KOLKATA (miningweekly.com) – Despite falling offtake and missed targets, India’s Coal Ministry is likely to persist with setting higher production targets for Coal India Limited (CIL) for 2017/18.
Indications from key Ministry officials point towards a production target of 660-million tons a year during the next financial year. This is a 15% increase on what CIL is expected to produce at the close of the current financial year on March 31, 2017.
According to official data released last week, CIL’s production during the April to December 2016 period was 377.7-milion tons, compared with a target of 417.5-million tons.
The country’s largest miner is expected to close the current financial year with production of 575-million tons, or at best 582-million tons. This will be lower than the 2016/17 target of 598-million tons.
The slowdown in demand, particularly from thermal power producers facing sagging demand for electricity from industrial sectors, was reflected in the April to December coal offtake figures, which came in at 391-million tons, against a target of 434-million tons estimated at start of the current financial year.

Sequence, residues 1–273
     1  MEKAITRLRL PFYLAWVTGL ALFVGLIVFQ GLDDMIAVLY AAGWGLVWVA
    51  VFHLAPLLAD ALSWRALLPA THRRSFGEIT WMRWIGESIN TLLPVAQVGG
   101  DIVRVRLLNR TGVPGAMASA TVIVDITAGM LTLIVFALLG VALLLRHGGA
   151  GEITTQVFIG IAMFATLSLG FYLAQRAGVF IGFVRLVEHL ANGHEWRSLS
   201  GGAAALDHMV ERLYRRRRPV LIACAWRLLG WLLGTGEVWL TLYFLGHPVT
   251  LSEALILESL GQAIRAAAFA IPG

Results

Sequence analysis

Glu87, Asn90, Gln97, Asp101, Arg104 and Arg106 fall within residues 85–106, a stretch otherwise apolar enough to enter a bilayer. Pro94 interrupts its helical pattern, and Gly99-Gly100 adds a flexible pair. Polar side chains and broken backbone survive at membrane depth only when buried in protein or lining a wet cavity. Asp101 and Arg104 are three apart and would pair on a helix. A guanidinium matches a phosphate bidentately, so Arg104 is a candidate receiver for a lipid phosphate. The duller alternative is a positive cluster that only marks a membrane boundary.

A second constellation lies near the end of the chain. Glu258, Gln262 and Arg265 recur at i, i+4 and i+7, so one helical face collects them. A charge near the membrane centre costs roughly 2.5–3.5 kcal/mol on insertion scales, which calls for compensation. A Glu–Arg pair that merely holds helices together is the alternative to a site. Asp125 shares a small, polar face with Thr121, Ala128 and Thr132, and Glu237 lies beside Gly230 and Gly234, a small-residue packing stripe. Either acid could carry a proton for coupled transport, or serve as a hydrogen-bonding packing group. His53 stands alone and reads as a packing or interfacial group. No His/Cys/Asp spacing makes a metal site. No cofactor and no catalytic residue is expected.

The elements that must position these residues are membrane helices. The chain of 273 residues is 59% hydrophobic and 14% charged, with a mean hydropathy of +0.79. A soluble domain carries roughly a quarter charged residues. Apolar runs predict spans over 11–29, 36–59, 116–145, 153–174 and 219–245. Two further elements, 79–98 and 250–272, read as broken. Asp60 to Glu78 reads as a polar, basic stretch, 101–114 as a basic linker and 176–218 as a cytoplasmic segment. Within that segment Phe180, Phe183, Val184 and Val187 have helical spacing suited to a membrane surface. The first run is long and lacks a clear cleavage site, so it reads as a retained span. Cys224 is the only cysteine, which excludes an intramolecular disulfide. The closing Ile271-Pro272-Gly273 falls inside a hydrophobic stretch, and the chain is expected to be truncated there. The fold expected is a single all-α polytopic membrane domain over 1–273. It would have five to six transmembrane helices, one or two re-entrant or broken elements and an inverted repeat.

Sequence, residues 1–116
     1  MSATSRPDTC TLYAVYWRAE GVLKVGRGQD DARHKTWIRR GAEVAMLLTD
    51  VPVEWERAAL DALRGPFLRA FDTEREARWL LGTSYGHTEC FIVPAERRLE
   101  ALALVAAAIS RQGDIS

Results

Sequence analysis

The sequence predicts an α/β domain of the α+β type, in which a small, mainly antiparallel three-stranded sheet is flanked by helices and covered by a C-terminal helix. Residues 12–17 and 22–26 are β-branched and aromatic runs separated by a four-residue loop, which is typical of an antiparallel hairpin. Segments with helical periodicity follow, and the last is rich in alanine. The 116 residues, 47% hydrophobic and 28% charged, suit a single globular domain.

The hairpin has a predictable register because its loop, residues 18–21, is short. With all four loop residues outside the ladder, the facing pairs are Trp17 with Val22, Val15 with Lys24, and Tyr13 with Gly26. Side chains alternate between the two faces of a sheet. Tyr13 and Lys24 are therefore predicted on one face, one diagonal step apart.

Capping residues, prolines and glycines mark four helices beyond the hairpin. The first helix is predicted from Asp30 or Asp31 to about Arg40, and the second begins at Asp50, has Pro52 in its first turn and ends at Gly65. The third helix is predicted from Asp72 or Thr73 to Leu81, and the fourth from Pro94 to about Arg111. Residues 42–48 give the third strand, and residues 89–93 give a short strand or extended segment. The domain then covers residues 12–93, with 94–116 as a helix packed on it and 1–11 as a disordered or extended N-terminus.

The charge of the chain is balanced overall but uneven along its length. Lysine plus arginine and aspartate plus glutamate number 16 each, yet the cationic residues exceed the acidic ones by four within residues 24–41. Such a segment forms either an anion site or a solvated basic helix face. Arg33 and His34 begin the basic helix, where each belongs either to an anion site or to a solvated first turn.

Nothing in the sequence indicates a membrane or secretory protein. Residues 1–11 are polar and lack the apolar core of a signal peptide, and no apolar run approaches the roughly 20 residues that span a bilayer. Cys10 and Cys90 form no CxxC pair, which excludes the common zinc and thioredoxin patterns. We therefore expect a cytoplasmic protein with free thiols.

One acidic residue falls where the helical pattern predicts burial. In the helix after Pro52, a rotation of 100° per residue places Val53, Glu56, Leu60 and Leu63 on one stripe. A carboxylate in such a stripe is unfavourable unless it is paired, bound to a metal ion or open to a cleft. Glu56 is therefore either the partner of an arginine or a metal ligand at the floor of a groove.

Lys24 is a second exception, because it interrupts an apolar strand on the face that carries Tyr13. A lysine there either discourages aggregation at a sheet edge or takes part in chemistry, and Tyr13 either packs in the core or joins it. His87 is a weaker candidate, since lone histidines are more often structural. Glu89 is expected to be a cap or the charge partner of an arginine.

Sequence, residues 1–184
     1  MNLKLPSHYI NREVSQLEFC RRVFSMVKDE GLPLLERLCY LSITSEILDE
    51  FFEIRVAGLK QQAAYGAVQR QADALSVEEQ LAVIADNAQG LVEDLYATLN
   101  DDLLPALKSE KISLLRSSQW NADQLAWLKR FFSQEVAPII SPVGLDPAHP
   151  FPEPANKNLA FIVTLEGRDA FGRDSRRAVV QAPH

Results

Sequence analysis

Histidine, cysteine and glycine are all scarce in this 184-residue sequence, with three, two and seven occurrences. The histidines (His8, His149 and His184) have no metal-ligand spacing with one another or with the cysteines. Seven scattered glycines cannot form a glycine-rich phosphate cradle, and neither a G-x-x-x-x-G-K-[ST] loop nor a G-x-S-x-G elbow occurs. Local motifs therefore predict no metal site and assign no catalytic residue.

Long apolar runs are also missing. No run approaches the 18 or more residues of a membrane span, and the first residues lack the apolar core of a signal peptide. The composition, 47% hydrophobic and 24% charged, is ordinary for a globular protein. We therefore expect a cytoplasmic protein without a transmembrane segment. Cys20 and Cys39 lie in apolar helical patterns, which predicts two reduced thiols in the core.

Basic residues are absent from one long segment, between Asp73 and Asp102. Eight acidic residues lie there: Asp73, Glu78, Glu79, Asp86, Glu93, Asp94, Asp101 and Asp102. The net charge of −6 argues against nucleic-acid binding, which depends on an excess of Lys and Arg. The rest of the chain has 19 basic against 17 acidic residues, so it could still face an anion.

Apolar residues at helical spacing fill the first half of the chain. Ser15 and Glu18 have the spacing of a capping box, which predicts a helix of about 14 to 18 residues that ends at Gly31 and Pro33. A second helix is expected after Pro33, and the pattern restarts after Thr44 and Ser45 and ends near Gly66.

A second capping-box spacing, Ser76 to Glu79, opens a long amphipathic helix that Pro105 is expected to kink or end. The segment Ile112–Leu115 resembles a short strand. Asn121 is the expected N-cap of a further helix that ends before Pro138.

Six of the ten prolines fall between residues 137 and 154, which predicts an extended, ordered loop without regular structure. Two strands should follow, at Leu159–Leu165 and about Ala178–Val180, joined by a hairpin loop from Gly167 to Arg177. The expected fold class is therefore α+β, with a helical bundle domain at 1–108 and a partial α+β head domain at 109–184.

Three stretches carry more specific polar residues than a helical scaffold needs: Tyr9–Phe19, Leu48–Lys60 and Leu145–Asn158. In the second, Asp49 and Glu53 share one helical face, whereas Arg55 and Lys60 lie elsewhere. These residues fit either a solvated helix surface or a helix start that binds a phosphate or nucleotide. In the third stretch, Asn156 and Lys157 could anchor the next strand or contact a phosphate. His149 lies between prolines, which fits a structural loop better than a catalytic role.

Commenting on the rationale of persisting with setting higher production targets despite softer offtake from key bulk consumers, a Ministry official said that production growth targets were set with a long-term view and were not “a factor of short-term annual cyclical demand”.
He said that if the long-term goal was to avoid a repeat of the shortage of coal in the domestic market witnessed until two years ago, it was necessary to evolve the overall framework of sustained higher levels of production, irrespective of short-term slowdowns.
However, the Coal Ministry’s optimism over the long-term revival of demand in its likely decision to maintain sustained coal production growth is open to debate in view of developments and projections in the power sector.
For example, according to Central Electricity Authority (CEA), the statutory government body overseeing the power sector, India will not need any new thermal power generating capacity until 2022, in view of an ambitious government drive to add capacity in renewable energy production projects.
A draft plan for electricity projects covering the period 2017 to 2022 has been circulated for comment and feedback from various industrial stakeholders.
If the current thinking of CEA is followed through, it will mean that in the immediate term, the government’s existing plan to add 4 000 MW of new thermal generating capacity under its ‘ultra-mega power plants’ plan will not come to fruition.
According to a media report, of the 180 000 MW of operational thermal power generating capacity in the country, the plants are operating at an average capacity ranging from 60% to 65% and any surge in electricity demand in the medium and long term could easily be met through improving the plant load factor of existing plants.
Hence, in view of such a forecast, a section of government and nongovernmental industry officials say that doubts continue to persist over the sustainability of the Coal Ministry’s plans to focus on coal production growth by CIL.